Zoo combines 3 bear habitats, doubling space

In this undated photo released by the Detroit Zoological Society, three grizzly bears roam in their habitat in Royal Oak, Mich. The rescued grizzly bear brothers Mike, Thor and Boo views of the world will soon change as their habitat at the Detroit Zoo expands more than double its size. (Detroit Zoological Society via AP)

ROYAL OAK, Mich. (AP) — The Detroit Zoo announced it has converted three bear habitats into one collective environment, more than doubling the space shared by three rescued grizzly bears.
The renovated 20,000-square-foot (1,858-square meter) habitat aims to provide a more “naturalistic” experience for the bear brothers Mike, Thor and Boo. According to the Detroit Zoological Society, the $200,000 makeover includes a cave and a variety of nooks that provide more options for bears to move around.
Scott Carter is the society’s chief life sciences officer. He said the significantly larger space at the zoo in Royal Oak has helped to expand the bears’ “ability to sense what’s happening around them.”
“Bears rely on their keen sense of smell to tell them what’s going on in the world around them, and the expanded habitat opens up what they can see and what they can smell,” Carter said.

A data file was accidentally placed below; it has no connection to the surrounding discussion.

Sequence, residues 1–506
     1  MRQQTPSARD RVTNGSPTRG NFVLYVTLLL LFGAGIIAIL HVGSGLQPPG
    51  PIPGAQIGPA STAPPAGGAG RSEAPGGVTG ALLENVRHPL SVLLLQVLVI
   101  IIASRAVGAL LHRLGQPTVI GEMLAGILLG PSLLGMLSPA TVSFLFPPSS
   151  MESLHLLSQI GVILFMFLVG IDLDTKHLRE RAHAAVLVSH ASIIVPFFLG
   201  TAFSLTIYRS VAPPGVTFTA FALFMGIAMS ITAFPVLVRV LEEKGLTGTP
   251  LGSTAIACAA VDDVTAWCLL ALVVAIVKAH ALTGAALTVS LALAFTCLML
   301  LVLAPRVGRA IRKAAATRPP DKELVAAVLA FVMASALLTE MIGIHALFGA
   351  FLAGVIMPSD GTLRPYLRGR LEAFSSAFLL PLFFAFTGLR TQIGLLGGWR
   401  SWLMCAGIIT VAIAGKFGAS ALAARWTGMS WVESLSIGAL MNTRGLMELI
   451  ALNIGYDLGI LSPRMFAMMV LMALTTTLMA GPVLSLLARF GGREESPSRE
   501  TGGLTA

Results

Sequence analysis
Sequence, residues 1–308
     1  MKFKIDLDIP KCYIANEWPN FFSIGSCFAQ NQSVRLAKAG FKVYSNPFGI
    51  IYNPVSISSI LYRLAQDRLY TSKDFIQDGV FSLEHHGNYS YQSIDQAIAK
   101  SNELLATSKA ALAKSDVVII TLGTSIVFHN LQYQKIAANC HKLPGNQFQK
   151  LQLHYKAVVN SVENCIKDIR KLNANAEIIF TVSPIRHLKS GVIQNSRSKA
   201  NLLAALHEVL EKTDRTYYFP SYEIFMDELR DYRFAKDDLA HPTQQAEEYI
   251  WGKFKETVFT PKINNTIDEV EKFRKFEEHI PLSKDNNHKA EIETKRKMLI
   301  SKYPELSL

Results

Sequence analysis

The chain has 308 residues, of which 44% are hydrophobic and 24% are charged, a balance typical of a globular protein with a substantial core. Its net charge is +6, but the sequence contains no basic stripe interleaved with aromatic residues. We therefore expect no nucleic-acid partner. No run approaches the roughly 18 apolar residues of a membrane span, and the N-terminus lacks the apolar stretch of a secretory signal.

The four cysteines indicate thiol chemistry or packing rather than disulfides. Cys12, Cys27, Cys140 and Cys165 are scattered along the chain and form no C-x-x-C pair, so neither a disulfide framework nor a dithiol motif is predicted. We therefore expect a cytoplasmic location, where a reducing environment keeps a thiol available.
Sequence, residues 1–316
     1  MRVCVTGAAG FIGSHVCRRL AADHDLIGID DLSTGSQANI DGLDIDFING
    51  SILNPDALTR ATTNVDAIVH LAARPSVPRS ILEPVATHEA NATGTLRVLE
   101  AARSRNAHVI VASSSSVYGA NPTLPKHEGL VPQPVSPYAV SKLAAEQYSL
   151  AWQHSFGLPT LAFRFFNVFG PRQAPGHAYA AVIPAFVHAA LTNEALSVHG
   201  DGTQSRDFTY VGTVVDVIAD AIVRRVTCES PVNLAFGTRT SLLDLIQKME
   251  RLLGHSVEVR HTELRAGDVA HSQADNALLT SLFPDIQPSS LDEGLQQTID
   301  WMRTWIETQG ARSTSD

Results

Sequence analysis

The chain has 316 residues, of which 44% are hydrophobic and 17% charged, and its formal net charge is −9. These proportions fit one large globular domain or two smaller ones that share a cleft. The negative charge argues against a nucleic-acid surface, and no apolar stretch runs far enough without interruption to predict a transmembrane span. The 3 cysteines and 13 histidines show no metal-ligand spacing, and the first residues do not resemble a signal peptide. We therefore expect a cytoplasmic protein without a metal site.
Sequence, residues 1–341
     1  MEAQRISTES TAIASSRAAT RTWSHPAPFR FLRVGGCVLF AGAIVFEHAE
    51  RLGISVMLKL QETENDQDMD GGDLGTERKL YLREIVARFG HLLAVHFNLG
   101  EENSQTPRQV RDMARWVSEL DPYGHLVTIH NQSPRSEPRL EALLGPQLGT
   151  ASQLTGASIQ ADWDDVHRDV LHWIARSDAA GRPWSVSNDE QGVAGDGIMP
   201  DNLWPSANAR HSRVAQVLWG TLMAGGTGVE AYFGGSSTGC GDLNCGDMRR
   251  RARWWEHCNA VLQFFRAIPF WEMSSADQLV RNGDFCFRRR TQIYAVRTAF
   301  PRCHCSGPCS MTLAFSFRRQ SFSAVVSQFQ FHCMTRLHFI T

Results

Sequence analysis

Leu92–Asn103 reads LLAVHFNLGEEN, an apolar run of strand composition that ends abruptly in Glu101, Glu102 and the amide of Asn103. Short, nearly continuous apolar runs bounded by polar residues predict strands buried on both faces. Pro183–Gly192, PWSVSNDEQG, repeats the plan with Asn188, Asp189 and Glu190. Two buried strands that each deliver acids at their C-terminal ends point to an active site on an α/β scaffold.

The 7-year-old grizzly bears were placed at the zoo in 2011 when they were rescued as cubs after their mother was killed by a poacher in Alaska. A rescued female grizzly bear, Kintla, 34, will continue to reside in the bear den on the opposite side of the renovated habitat. Kintla has lived at the zoo since 1986.
The bear den was one of the first animal habitats to open when the Detroit Zoo opened in 1928.
“It was groundbreaking at the time as it featured a moat instead of bars, giving visitors an unobstructed view of the animals,” according to a press release from the society. “The Detroit Zoo was the first zoo in America to incorporate cage-less animal habitats.”